Recorded live at a concert in the large hall of the Musikverein in Vienna in November 1991, this performance of Verdi’s dramatic Requiem is really commanding. The Vienna Philharmonic Orchestra and the chorus of the Vienna State Opera respond appropriately to Abbado’s exciting but not over-operatic handling of the work, and the recording is admirably clear. The soloists are a fine and well-matched quartet.
..only a select few get through to the subtext. Abbado is one.
Claudio Abbado (1933-2014) was one of the outstanding personalities in the history of the Berliner Philharmoniker. He made his debut with the orchestra in 1966 and was their chief conductor from 1990 to 2002. In May 2013, their unique partnership ended with Claudio Abbado's last concert with the orchestra – a “triumph”, in the words of the Frankfurter Allgemeine Zeitung. The programme included two of the most important works of musical Romanticism: Hector Berlioz's visionary Symphonie fantastique and Felix Mendelssohn's magical, shimmering music for A Midsummer Night's Dream. Audio and video recordings of this memorable evening are now being released in a hardcover luxury edition. The bonus material includes a historical documentary about Abbado's first year as chief conductor of the Berliner Philharmoniker. In addition to extensive texts, the booklet contains numerous photos, some of which have never been published before.
There is tough competition for the best recording of 'Macbeth', but for me the combination of Abbado's explosive and rhythmically taut way with the score and Shirley Verrett's tour de force as Lady Macbeth give this one the edge.
- Amazon By Julian Grant -
New Year’s Eve Concert 1996 – Dances and Gypsy Tunes The fascinating Russian virtuoso violinist, Maxim Vengerov (winner of the Echo Klassik) lends radiance to the gala performance under the baton of Claudio Abbado. Johannes Brahms’Hungarian Dances and Gipsy Songs; Maurice Ravel’s Tzigane and La Valse and Hector Berlioz’s Hungarian March make this New Year’s Eve with the Berliner Philharmoniker unforgettable. New Year’s Eve Concert 1997 – A Tribute to Carmen The program of the Berlin Philharmonic bore the title «Dances of Life, Love, and Death», and it was hardly coincidental that it was meant as an homage to Carmen. The recording of the Berlin Philharmonic Orchestra’s traditional New Year’s Eve Concert, conducted by Claudio Abbado, offers not only a cross section of worldfamous melodies from George Bizet’s opera, but also famous dance music that was intensely or subtly influenced by it. With: Anne Sofie von Otter, Bryn Terfel, Roberto Alagna, Gil Shaham, Mikhail Pletnev. New Year’s Eve Concert 1998 – Songs of Love and Desire Love was the theme of the 1998 New Year’s Eve Concert. And who wrote better music about love than Mozart and Verdi? Maestro Claudio Abbado has chosen two of the best Mozart interpreters, Christine Schäfer and Simon Keenlyside, for this traditionally meaningful event. Marcelo Álvarez from Argentina interprets highlights of the tenor repertoire, and Italian Primadonna Mirella Freni tops the occasion with a breathtaking performance of the Letter Scene of Tchaikovsky’s Eugen Onegin.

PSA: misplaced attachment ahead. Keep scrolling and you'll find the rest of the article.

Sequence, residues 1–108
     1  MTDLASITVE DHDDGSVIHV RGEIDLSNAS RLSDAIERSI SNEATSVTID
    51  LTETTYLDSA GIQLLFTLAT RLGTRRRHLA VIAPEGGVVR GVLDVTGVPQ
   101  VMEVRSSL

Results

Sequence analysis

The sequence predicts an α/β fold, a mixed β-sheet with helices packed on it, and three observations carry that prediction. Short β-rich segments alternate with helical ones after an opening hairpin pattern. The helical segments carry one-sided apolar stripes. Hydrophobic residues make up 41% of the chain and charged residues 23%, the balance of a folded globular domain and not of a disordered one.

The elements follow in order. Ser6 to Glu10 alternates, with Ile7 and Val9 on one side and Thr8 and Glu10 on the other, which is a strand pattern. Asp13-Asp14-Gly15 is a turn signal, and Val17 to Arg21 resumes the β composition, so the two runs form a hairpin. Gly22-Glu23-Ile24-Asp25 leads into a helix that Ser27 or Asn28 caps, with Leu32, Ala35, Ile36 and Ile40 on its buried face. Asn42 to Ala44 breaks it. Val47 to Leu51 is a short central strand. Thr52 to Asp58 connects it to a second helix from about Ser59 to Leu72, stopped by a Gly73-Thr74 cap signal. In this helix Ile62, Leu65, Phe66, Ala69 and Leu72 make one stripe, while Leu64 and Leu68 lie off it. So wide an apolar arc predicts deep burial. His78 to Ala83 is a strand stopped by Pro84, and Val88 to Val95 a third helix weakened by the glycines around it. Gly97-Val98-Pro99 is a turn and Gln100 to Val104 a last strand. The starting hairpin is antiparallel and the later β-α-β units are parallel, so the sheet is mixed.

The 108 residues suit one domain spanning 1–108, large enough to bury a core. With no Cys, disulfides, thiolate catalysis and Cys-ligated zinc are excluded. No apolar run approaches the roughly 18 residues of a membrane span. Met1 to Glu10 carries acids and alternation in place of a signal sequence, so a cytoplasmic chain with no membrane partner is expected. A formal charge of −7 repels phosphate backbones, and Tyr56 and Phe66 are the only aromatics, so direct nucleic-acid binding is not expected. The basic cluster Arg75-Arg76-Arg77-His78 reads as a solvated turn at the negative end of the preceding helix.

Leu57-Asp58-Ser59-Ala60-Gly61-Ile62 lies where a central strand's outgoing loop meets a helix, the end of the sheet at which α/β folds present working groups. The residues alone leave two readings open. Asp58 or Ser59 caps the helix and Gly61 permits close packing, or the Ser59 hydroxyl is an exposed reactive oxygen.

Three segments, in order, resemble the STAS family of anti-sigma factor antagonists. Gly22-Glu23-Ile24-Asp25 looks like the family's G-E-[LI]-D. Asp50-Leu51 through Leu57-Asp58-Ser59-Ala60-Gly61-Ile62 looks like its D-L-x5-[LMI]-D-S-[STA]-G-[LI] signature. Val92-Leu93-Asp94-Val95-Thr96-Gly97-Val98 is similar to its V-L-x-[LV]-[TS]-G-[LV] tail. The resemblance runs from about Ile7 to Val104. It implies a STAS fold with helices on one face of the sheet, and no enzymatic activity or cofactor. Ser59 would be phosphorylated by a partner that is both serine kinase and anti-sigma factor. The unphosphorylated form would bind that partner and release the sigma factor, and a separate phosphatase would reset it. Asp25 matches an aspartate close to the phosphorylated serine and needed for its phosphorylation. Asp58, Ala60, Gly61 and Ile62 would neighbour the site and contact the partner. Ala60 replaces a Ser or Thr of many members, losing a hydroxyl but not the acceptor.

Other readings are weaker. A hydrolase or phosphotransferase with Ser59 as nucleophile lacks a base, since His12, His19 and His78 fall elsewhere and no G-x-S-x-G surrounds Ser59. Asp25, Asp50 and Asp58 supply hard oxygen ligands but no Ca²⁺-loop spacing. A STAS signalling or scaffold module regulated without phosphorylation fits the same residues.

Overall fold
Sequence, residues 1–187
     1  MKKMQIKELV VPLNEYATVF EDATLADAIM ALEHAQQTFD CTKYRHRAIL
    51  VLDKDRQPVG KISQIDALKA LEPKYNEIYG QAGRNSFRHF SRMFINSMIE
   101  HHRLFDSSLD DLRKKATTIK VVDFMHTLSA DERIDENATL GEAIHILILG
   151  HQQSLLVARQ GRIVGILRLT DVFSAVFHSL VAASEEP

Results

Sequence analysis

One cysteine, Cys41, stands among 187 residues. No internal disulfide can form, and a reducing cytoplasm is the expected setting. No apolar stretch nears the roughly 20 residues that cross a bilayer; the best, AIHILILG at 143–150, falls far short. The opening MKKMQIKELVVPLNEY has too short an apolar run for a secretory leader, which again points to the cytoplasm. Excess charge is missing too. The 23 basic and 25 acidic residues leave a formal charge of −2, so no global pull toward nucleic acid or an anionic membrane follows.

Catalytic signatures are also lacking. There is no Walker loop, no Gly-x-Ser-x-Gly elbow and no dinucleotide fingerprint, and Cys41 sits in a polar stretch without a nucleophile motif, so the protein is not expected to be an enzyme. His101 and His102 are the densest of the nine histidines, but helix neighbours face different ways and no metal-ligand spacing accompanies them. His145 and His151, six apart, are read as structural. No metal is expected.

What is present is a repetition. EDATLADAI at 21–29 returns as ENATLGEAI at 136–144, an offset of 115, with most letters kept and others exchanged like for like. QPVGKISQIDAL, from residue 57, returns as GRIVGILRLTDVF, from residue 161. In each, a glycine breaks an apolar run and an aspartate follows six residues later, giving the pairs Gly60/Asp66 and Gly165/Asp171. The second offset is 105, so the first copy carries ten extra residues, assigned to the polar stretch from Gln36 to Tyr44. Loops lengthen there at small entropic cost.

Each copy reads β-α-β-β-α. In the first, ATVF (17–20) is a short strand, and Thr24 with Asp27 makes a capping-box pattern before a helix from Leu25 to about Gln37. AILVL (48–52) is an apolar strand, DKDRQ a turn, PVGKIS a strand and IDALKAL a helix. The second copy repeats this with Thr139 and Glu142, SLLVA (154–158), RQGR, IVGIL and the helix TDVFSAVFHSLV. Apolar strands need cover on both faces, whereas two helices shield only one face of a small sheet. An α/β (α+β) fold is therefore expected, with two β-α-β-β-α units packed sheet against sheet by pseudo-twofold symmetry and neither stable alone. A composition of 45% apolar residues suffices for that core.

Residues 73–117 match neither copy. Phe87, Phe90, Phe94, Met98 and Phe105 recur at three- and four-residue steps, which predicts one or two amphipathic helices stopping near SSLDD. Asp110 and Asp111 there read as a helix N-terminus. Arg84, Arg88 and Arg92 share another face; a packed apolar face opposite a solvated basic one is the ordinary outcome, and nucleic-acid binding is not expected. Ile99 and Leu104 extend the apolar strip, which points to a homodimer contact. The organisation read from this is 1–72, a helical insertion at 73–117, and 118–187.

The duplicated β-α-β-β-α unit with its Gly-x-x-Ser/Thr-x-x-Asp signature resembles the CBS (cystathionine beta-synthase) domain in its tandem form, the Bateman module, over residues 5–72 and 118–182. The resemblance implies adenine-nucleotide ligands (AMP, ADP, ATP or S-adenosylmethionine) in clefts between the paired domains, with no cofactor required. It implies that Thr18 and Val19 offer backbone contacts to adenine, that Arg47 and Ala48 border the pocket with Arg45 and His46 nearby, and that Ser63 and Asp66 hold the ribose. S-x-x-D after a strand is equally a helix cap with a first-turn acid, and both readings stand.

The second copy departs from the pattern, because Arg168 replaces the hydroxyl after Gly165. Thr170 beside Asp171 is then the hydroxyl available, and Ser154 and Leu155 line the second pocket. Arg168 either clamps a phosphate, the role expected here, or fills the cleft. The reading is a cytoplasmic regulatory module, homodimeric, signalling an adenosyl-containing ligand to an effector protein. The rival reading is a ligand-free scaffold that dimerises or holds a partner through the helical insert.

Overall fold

This generous coupling of Brahms’s two concertos for stringed instruments has become relatively common in the age of CD thanks to compilations like the Philips disc of Szeryng and Starker‚ analogue recordings dating from the early 1970s. Modern digital recordings expressly designed for issue in coupling are much rarer‚ the Teldec issue of Kremer and Clemens Hagen being the most notable one.
Known for having elevated the symphony and the opera to popular levels in his lamentably short life, Mozart was also substantially involved in sacred music. Among many smaller works for solo chorus and for combined choral/orchestral forces, he composed an enormous seventeen settings of the Latin Mass, of which this is his last. But this C Minor mass, which is said he composed in 1782 and 1783, was never really completed in a way Mozart found satisfactory, and thus it has been up to others to put this work into coherent form. The recording here is based on the reconstruction done by Salzburg composer and musicologist Helmut Eder; he worked on the "Et Incanatus Est" section of the Credo, as well as the concluding Sanctus and Benedictus sections. The work is still Mozart's, and is scored for a fairly substantial orchestra: one flute; pairs of oboes, bassoons, horns, and trumpets; three trombones; timpani; organ; and the full string compliment, plus four soloists and chorus.